Interview with Kerrie Walkem on the well-being of parents & carers working in academia

Kerrie Walkem is a member of the aKIDemic Life Advisory Board and a very experienced family health professional.

Q1. Tell us a bit about your professional experience and background.

I am a registered nurse and midwife and have spent most of my time in clinical practice working as a child and family health nurse here in Australia and as a health visitor overseas. In terms of academia I have been teaching in the postgraduate child and family health nursing stream since 2000 and coordinating and teaching the course for the past 10 years.

Q2. What are the common challenges faced by parents that can impact on their own health and well-being?

I think there is a whole new dynamic at play as you now have a small person totally dependent on you for their care. While our pathways are individual ones - we react in different ways and have our own unique set of circumstances – it is normal to find aspects of your new life challenging. Most commonly there is the challenge of fatigue due to lack of sleep, and this is combined with taking on one of the most difficult roles of all, being a parent. It can leave you feeling vulnerable. The new physical and emotional demands made on you can leave little time to attend to your own needs including your relationships with others.

Those parents who have returned to work sometimes discuss this as a constant struggle as they are pulled between their dual roles, and there is a feeling of not wanting to let anyone down.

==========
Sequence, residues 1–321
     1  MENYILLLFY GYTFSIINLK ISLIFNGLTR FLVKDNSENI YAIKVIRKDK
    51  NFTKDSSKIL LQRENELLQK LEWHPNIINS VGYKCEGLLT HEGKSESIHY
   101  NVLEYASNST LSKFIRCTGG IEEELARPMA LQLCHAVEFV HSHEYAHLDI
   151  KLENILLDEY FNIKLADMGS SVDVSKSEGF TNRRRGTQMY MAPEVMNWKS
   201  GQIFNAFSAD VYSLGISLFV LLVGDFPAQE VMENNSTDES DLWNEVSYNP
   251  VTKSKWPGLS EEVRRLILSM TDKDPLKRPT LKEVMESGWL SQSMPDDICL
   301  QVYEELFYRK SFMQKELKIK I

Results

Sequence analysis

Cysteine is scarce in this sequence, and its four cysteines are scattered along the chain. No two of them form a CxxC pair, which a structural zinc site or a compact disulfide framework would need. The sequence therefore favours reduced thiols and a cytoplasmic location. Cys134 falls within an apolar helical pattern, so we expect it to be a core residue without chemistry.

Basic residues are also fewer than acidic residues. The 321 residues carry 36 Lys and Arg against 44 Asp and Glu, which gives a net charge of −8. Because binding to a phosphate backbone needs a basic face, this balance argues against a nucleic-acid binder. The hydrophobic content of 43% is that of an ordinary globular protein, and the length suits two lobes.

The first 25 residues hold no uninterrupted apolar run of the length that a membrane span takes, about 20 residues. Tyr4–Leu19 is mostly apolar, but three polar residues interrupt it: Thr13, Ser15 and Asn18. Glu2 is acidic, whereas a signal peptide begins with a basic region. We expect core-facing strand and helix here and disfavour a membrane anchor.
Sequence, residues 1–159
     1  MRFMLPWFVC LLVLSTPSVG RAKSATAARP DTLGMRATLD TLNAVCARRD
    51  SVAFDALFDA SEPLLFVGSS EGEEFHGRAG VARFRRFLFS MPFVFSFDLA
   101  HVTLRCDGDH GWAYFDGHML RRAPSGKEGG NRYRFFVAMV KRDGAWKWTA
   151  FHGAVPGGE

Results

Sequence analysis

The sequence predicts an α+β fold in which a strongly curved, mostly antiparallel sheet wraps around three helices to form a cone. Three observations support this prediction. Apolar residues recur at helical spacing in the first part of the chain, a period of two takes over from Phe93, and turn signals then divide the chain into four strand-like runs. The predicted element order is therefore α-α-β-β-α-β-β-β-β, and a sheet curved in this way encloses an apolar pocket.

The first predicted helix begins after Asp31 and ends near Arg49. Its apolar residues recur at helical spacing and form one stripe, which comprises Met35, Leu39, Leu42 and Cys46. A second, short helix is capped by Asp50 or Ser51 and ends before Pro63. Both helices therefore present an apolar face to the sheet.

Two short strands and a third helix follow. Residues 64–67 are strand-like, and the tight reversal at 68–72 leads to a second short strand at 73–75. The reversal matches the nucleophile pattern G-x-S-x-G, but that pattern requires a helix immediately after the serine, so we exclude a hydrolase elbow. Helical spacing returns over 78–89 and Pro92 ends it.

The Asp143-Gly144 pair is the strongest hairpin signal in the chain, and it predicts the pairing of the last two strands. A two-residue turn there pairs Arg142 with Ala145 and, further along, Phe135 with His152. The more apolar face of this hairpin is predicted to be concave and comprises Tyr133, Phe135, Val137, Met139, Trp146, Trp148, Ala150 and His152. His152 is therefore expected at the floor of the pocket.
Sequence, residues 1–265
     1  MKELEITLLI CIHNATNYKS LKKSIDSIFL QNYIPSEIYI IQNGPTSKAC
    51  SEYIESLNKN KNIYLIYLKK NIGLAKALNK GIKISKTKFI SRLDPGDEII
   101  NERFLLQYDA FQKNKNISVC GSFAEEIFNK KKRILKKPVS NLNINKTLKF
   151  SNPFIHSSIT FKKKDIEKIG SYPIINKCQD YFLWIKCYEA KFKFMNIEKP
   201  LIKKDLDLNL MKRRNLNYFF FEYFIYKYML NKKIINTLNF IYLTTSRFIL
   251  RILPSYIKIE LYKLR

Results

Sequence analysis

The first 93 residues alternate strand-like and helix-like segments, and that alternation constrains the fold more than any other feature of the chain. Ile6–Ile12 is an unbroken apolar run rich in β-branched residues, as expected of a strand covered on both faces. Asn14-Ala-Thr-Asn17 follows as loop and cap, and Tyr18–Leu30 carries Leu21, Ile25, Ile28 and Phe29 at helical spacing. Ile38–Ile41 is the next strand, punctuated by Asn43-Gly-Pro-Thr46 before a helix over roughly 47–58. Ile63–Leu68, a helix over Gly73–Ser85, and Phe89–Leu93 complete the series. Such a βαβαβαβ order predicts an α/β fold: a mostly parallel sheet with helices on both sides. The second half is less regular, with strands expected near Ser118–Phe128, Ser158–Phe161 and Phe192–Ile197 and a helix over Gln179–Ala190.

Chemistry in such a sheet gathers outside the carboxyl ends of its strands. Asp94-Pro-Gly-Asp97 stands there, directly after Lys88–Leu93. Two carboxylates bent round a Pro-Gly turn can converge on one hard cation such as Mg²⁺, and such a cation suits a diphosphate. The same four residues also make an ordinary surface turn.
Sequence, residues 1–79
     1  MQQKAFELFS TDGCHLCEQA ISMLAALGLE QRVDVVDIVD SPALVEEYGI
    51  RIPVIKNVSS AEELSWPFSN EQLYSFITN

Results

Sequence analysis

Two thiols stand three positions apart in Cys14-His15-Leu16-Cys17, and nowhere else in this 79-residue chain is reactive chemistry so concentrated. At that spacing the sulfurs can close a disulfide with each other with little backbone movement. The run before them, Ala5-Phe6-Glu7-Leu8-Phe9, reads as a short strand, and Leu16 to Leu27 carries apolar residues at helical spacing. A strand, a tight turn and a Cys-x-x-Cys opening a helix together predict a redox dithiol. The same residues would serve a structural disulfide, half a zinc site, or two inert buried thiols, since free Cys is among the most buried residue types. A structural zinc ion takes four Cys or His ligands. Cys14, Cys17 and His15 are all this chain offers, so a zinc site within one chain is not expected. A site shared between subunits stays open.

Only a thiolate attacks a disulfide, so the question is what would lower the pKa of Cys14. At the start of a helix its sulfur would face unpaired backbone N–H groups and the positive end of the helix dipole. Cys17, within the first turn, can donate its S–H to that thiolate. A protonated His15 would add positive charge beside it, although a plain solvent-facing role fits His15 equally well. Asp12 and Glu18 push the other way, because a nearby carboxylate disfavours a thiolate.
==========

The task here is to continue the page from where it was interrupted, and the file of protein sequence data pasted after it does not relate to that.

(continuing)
Q3. What are the common mistakes made by new parents and parents with older children in relation to their own health and well-being?

Being reluctant to ask for help or accepting it when it is offered. While some might view it as a weakness or a sign of you not coping, it is in fact a strength. Every parent needs help and support. Involve your family and friends – it makes them feel valued. Outsource certain tasks if you can.

Related to this is the importance of making time for your relationships with other people. It is important to have a strong social support network around you - having family and friends who can support you emotionally and practically, and who make you feel good.

Feeling guilt for accepting help with child care for example. While your relationship with your child is the most important one of all, children benefit from having a network of caring, loving and supportive adults around them as they grow. Nurture that network. Also remembering that while people may not always do things the way that you do this does not make it wrong – just different.

It is also important not to put yourself last. You need to fill up your own tank, as the happier you are, often the better a parent (and employee) you will be. This includes the obvious things such as eating well, prioritising sleep, and exercising (exercise has been found to decrease stress and help prevent perinatal depression). It also means regularly doing things you enjoy just for you. Looking after yourself means that you are more able to care for your child. When you look after yourself you are also looking after your child.

Believing the many unrealistic expectations of both parenthood and employees and trying to meet the expectations of both.

Learning to say ‘no’. This includes work-related responsibilities. Be strategic around what you agree to and what you won’t agree to.

Q4. What guidance would you give to working parents to support their own health and well-being as they juggle academia and caring responsibilities?

In addition to those I have already covered, I think having a good working relationship with your manager so that you can openly and honestly discuss your situation with them. This may include the need for flexibility around work hours or work location, or the timing of meetings.